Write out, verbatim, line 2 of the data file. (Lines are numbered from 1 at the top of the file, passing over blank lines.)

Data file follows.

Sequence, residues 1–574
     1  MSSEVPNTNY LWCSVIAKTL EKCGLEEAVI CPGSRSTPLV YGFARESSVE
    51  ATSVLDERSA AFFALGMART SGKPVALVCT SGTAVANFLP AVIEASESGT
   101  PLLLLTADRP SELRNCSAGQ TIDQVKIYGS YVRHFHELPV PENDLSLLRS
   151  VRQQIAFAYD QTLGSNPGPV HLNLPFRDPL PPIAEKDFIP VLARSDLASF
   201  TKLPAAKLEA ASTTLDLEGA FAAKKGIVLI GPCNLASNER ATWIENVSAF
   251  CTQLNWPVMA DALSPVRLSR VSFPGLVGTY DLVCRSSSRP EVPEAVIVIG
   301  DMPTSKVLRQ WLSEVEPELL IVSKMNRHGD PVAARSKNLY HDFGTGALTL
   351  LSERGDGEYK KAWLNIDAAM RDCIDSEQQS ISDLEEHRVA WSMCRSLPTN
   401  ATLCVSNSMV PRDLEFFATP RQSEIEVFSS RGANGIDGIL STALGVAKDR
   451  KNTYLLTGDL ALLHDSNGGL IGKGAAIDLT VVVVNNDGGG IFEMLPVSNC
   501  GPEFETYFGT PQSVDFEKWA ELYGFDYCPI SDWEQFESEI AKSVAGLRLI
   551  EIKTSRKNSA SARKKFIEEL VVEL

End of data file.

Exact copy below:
     1  MSSEVPNTNY LWCSVIAKTL EKCGLEEAVI CPGSRSTPLV YGFARESSVE